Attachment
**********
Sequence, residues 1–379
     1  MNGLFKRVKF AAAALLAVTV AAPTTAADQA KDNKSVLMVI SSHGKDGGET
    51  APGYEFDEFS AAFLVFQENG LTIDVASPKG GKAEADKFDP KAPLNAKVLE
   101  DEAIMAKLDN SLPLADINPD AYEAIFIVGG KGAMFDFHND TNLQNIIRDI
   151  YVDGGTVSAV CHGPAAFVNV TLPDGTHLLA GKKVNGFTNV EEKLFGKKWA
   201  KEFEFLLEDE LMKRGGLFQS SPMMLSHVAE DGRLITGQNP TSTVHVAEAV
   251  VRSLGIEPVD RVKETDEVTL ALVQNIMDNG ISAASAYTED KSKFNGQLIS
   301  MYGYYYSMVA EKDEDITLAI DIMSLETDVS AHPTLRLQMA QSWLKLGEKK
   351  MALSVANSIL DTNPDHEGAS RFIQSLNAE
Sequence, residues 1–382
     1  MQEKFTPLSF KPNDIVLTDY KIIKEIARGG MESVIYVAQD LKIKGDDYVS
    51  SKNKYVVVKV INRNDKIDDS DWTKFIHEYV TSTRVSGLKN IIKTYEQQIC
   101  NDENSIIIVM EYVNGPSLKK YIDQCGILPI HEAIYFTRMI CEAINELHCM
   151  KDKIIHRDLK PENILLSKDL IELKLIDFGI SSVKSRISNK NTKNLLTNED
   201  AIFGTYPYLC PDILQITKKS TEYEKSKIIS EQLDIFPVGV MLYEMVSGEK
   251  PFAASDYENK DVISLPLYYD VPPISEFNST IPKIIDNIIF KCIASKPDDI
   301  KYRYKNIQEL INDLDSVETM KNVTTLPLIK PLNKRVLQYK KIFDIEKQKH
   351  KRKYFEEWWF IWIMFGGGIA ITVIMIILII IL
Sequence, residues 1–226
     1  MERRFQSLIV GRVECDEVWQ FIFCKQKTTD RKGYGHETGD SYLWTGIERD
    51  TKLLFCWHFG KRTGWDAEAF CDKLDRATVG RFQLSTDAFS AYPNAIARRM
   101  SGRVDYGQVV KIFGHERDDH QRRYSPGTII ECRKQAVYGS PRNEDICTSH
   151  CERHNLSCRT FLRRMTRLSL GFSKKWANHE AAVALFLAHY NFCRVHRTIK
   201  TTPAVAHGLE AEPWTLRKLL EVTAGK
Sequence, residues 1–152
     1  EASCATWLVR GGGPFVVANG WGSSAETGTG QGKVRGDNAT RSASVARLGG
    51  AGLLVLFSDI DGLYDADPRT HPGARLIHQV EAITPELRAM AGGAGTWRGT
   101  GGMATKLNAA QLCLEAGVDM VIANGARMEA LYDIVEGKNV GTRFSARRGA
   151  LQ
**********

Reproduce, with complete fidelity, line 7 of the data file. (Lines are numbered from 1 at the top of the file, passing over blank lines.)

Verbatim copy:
   251  VRSLGIEPVD RVKETDEVTL ALVQNIMDNG ISAASAYTED KSKFNGQLIS